The movement to offer software as a service has been an important trend in the enterprise solution marketplace, allowing many companies to use supply chain solutions on an “on demand” basis. This year, Supply & Demand Chain Executive recognizes the significance of this trend by singling out a group of Provider Pros who have made contributions to evangelizing the broader use of “on demand” solutions for supply and demand chain enablement. While there are many other “evangelizers” of the on demand model, those included on our 2005 list were selected from among individuals who submitted completed Provider Pros to Know applications and met the requirements set forth in the submissions application.
Nate Lentz, President and CEO, Verticalnet — Believes that on demand applications are easier to use and thus more broadly adopted across supply management organizations, as well as easier to manage.
John Raeder, President and CEO, IQNavigator — Helped pioneer the application of e-sourcing tools and the “software as service” model to help enterprises manage all aspects of the services delivery lifecycle.
Steve Savignano, CEO, Ketera Technologies — Early evangelizer for the on demand model and for applying modularized, Web-based software to the challenges of enterprise spend management, as well as bringing e-procurement tools to mid-market companies.
Kevin Hart, President and Chief Operating Officer, Optum — Applied the concept of on demand to supply chain execution and warehouse management systems, with an eye toward improving order fill-rates and service level agreement compliance.
Dan Dershem, President, LeanLogistics — Pioneer in applying the “software as service” model to the logistics field and transportation management systems to manage information between trading partners, including suppliers, consignees, shippers, carriers and 3PLs.
Kurt Cavano, Chairman and CEO, TradeCard — Applied the on demand approach to the financial supply chain to help buyers and their suppliers manage international trade transactions over the Internet.
Tom Glassanos, President and CEO, Xign Corp. — Recognized for his efforts in inventing the concept of buyer-side settlement automation, and in promoting the use of Web-based solutions for payment processes in the supply chain.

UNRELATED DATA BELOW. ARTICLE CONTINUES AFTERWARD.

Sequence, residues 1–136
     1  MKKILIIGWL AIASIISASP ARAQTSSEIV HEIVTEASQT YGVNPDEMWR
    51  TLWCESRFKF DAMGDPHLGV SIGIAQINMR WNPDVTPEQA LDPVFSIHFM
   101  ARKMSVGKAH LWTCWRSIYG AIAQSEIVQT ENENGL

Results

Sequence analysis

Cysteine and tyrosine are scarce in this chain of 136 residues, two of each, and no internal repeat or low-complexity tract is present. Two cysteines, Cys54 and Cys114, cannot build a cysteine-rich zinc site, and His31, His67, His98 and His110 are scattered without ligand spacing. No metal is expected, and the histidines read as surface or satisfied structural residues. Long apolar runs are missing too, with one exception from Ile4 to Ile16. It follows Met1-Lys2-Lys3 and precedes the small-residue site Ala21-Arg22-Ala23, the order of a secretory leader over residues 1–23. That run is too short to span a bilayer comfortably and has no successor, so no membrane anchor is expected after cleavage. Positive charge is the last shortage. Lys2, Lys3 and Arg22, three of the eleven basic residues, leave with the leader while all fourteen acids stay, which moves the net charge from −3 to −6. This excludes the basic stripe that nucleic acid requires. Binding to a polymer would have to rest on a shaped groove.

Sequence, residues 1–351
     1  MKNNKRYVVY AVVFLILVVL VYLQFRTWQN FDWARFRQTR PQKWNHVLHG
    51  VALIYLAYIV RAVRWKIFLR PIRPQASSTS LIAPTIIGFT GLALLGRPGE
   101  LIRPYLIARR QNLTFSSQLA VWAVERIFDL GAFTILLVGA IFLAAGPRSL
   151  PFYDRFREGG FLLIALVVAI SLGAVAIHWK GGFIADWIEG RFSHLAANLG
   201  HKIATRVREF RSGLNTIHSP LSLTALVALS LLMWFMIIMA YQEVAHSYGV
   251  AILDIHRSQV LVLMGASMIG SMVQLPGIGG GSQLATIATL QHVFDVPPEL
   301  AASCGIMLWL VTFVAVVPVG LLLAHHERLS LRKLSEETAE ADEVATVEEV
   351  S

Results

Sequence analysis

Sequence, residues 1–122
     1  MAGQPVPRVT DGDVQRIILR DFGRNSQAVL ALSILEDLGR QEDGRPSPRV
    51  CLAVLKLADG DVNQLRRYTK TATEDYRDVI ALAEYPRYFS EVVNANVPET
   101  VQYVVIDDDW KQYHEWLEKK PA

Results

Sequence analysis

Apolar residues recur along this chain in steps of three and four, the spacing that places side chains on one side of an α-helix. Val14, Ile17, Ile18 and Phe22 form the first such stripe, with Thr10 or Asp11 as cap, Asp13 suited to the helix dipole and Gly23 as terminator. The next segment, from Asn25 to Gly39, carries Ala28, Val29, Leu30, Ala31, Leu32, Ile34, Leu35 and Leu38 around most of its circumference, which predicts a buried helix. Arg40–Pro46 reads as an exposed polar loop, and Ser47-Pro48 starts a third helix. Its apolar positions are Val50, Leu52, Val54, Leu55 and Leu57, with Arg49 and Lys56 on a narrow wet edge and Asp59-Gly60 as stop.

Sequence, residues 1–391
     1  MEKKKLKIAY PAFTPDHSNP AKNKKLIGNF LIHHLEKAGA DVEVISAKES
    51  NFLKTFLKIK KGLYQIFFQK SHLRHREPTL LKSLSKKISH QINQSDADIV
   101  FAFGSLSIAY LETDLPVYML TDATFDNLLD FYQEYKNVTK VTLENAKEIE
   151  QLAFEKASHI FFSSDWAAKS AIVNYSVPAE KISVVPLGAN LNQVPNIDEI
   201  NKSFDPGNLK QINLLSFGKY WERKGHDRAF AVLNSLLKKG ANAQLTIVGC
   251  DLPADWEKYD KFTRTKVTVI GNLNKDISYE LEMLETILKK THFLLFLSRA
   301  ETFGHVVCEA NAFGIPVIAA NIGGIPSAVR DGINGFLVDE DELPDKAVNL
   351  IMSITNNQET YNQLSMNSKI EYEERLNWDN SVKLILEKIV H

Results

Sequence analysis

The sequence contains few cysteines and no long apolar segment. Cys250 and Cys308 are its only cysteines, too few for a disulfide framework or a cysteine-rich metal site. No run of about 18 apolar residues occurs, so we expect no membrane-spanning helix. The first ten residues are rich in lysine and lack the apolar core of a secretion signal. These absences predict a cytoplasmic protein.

2005 Consultant Pros to Know
The 2005 Consultant Pros to Know list recognizes individuals from consulting companies (or consulting divisions of larger companies) who have exhibited deep domain knowledge and innovative thinking within the industry, and who have a demonstrated track-record in assisting brick-and-mortar enterprises in enabling their supply and demand chains for competitive advantage. While there are many other individuals contributing to the advancement of supply and demand chain enablement, those included on our 2005 list were selected from among individuals who submitted the appropriate applications and met the requirements set forth in the submissions application.
Monica Isbell, Founder, Starboard Alliance Co. — Formerly director of corporate logistics and trade with Columbia Sportswear, and manager of purchasing and inventory control at Asics Tiger Corp. during her 20-plus year career as an international logistician. Isbell today is a leading authority on international trade processes and a frequent speaker on logistics issues and supply chain security before industry audiences.
James D. Kiser, Vice President of Operations, ADR International — Kiser's work as an e-procurement analyst has helped advance the use of online technologies at the major U.S. automotive companies, leading to the development of new, efficient procurement processes to speed transactions and provide real-time access to critical purchasing data.
Roland Roberts, Senior Managing Consultant, Procurement, EDS — Roberts developed and maintained a “Spend Analysis for Varied Environments Information Tool” (SAVE-IT) that extracts accounts payable data from differing financial systems and programmatically rearranges it to produce purchasing spend information. This spend information is currently used by EDS' international purchasing department personnel to determine areas that need oversight, helping to lower unit expenses.
2005 Practitioner Pros to Know Group Award: Exelon Corp.
When Philadelphia-based PECO Energy and Chicago's Unicom Corp. merged in October 2000, the union created a $15 billion energy giant serving customers in Illinois and Pennsylvania. But the merger left the joined company's decentralized supply chain largely intact until 2002, when Exelon brought its supply chain leads together to discuss options for transforming the company's approach to supply management. The group came up with a plan for consolidating all the company's supply chains within Exelon's Business Services Company (BSC), which also includes information technology (IT), human resources, finance and legal.